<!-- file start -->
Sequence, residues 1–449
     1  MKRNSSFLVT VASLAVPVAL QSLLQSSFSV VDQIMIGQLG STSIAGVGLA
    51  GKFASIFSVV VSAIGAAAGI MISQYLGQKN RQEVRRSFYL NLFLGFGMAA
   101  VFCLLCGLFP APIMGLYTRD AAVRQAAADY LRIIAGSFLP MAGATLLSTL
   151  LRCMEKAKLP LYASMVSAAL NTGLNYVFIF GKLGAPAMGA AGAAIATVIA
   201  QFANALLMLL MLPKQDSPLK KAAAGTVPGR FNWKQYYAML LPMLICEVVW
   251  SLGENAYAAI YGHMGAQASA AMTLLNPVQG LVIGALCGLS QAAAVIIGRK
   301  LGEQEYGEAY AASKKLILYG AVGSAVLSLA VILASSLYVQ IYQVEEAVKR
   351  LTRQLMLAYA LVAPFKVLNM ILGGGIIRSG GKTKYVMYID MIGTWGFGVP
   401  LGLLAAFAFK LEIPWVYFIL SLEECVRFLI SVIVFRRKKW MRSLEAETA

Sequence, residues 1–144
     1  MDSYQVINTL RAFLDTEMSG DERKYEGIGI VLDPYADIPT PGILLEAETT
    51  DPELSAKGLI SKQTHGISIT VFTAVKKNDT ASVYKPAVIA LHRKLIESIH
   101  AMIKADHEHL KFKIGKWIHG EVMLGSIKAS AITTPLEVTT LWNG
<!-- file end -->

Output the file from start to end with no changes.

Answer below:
Sequence, residues 1–449
     1  MKRNSSFLVT VASLAVPVAL QSLLQSSFSV VDQIMIGQLG STSIAGVGLA
    51  GKFASIFSVV VSAIGAAAGI MISQYLGQKN RQEVRRSFYL NLFLGFGMAA
   101  VFCLLCGLFP APIMGLYTRD AAVRQAAADY LRIIAGSFLP MAGATLLSTL
   151  LRCMEKAKLP LYASMVSAAL NTGLNYVFIF GKLGAPAMGA AGAAIATVIA
   201  QFANALLMLL MLPKQDSPLK KAAAGTVPGR FNWKQYYAML LPMLICEVVW
   251  SLGENAYAAI YGHMGAQASA AMTLLNPVQG LVIGALCGLS QAAAVIIGRK
   301  LGEQEYGEAY AASKKLILYG AVGSAVLSLA VILASSLYVQ IYQVEEAVKR
   351  LTRQLMLAYA LVAPFKVLNM ILGGGIIRSG GKTKYVMYID MIGTWGFGVP
   401  LGLLAAFAFK LEIPWVYFIL SLEECVRFLI SVIVFRRKKW MRSLEAETA

Sequence, residues 1–144
     1  MDSYQVINTL RAFLDTEMSG DERKYEGIGI VLDPYADIPT PGILLEAETT
    51  DPELSAKGLI SKQTHGISIT VFTAVKKNDT ASVYKPAVIA LHRKLIESIH
   101  AMIKADHEHL KFKIGKWIHG EVMLGSIKAS AITTPLEVTT LWNG